Thanks for spreading the word about the awesomeness of the Hawaiian language newspapers!

I realize there have been no posts lately, but I have been taking a little break.

But today on the 10th anniversary since our first post(?!), I wanted to say thank you to those who have been spreading interest in the Hawaiian language newspapers. It is time that they are redigitized from the original newspapers, so an o is not confused with an e, or an m with a w, or a t with an l!

Queen Kapiʻolani’s motto was not, “Kūlia i kahi hiki.”

Kūlia i ka nuʻu.

I just saw Bishop Museum Press reprinted the Hawaiian and English Cross-Age Learning Picture Vocabulary Book, 2021.

What is New is Old, 2021 / 1938.

Did you see the announcement from Bishop Museum Press saying that the Hawaiian and English Cross-Age Learning Picture Vocabulary Book is back in print after a long time of not being available. For more information about the book and how to order copies for people you know, click the image below.

The reprint of the vocabulary book reminded me of an earlier column appearing in Hoku o Hawaii starting in 1938. It was called “He haawina i kekahi poe,” and was started to help people learn Hawaiian and to increase the number of subscriptions to the newspaper. This column would continue on until 4/19/1939. “Lesson in Hawaiian” followed from 4/26/1939 until 6/20/1945. Continue reading

I was asked once if other ethnicities put ads in Hawaiian language newspapers…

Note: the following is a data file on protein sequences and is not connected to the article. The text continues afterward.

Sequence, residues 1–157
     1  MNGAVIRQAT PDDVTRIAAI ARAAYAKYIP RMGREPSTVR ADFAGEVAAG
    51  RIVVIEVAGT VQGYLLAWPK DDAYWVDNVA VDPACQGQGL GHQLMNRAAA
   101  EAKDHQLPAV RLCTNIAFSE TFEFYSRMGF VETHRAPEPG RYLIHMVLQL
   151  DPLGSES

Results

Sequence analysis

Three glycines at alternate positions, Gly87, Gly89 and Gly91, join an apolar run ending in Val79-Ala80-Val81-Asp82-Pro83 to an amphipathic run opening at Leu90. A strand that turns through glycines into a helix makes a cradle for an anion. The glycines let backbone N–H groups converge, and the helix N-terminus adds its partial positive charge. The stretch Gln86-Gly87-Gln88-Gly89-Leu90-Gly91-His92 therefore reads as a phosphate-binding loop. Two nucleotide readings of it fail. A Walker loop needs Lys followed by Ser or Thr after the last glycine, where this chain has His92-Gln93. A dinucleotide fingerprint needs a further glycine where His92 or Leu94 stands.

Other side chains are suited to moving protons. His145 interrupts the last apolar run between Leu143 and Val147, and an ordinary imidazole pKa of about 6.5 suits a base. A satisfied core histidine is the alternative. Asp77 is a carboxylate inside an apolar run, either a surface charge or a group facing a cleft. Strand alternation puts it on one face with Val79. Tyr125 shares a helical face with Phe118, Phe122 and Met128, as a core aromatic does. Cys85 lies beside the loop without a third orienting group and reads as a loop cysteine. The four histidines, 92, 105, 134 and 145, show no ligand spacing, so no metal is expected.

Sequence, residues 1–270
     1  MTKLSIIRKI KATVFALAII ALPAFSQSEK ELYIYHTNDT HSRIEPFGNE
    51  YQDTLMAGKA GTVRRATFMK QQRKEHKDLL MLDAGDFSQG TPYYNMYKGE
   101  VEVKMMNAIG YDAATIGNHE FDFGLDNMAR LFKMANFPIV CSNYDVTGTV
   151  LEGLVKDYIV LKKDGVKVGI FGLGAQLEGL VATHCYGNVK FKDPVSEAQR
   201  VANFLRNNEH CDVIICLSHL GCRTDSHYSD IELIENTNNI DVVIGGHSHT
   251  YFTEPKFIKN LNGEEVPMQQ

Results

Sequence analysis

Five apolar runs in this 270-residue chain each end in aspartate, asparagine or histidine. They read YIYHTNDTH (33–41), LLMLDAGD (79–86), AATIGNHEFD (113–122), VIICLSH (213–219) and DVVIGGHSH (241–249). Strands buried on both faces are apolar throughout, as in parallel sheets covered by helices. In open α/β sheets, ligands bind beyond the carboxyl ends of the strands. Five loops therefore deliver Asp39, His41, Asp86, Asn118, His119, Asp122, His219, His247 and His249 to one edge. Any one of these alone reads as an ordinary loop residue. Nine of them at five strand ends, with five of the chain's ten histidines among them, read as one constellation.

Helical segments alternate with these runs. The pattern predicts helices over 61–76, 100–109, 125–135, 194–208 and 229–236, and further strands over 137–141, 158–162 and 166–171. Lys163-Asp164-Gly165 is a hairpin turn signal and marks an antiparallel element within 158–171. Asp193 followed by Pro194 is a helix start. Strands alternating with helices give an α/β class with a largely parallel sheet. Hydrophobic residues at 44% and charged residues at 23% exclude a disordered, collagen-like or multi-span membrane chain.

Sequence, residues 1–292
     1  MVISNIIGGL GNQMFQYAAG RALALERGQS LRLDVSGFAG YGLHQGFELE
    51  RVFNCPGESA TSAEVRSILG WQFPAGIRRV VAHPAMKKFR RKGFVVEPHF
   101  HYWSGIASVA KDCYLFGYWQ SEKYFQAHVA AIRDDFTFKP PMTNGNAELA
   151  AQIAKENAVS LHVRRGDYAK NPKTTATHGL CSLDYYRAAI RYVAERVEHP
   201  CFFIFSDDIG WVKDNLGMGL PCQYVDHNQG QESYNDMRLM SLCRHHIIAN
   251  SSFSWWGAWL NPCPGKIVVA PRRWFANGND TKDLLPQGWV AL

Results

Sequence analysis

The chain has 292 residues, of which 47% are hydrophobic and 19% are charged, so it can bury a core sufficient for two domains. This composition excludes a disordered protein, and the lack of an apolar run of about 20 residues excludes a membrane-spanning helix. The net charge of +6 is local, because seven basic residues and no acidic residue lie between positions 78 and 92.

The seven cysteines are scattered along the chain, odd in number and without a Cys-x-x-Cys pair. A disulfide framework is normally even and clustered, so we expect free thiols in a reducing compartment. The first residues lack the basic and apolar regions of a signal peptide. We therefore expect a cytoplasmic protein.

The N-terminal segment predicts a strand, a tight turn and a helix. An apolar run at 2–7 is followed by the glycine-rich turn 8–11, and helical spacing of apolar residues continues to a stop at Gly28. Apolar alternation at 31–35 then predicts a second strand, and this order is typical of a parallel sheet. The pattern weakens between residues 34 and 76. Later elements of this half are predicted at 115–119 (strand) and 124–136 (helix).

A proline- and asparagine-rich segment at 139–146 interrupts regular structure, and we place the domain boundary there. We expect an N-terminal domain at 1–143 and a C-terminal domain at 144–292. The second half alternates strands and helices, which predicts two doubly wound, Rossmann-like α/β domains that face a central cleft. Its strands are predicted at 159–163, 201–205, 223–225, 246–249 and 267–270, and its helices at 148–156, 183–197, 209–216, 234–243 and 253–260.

…I think if you wanted to sell your products, yes, you did.

 

Ka Hoku o Hawaii, Buke 7, Helu 39, Aoao 2. Feberuari 27, 1913.
The Hawaii Shokumin Shinbun, Number 484, September 6, 1912.
Hawaii Herald, Volume XVII, Number 22, Page 4. January 17, 1913.

On the first horses in Hawaii nei, 1852.

Who Brought the First Horses to the Islands?—In a valuable document presented by Stephen Reynolds, Esq., to the R. H. A. Society at its first meeting in 1850, the following passage occurs:—Horses.—I have not been able to find the name of him who introduced the first. It appears two were brought and presented to Kamehameha; the natives say Mr. Manine was in the vessel. Several were brought before 1823. From 1824 to 1838 many cargoes were brought from California. The horses born and reared on the islands are superior in all respects to those imported from California,—better limbs, better spirits, and tougher animals.” Continue reading

Animals introduced in Ka Lama Hawaii, 1834.

Pertaining to the Sloth [Hiamoe].

This strange animal is born and lives and dies amongst the branches of the trees. They are rare, and live in seclusion in the trees of the deep forests of South America. That is where it lives. Its front legs are long, somewhat like those of the arms of man, it does not reach a foot, its claws are long like fingers. Its hind legs are short. Therefore it cannot walk on land, it can only move by crawling. From that comes its name, the Sloth. Continue reading

What are you doing tomorrow at 2:00?

Papakilo Database on Hawaiian language newspapers!

If you are free tomorrow afternoon, check out the webinar on Hawaiian language newspapers put on by Papakilo Database and Awaiaulu. Click the image below to be taken to the registration page!

https://zoom.us/webinar/register/WN_fOxuRC5_QcyXB5Yex40Gkg

Vital Statistics, 1923.

MARRIAGES.

D. O. Mookini to Mary Hiram, Mar. 15.
Mahi Kekahaloa to Flora Waipa, Mar. 16.
Joseph Amana to Elizabeth Naeole, Mar. 17.
M. J. Rodrigues to Hattie Pupuhi, Mar. 17.
Fred K. Lee to Maria K. Kamai, Mar. 17.
J. R. Crawford to Abigail E. Voeler, Mar. 20.
Zerubabela Kapule to Kane Hanawahine, Mar. 21.
J. S. Chong to Annie Rose Kua, Mar. 24.
Homer J. Keller to Elizabeth Kaulia, Mar. 26. Continue reading

Death announcement for Zerubabela Kapule, aka Zakaria Kapule, 1923.

Did you see the Nūhou Monday post from Bishop Museum? Here is a obituary for Zerubabela Kapule who was also known as Zakaria [Zachariah].

Obituaries

ZERUBABELA KAPULE

Zerubabela Kapule, retired and pensioned member of the Hawaiian band, died last Thursday evening at his home, Continue reading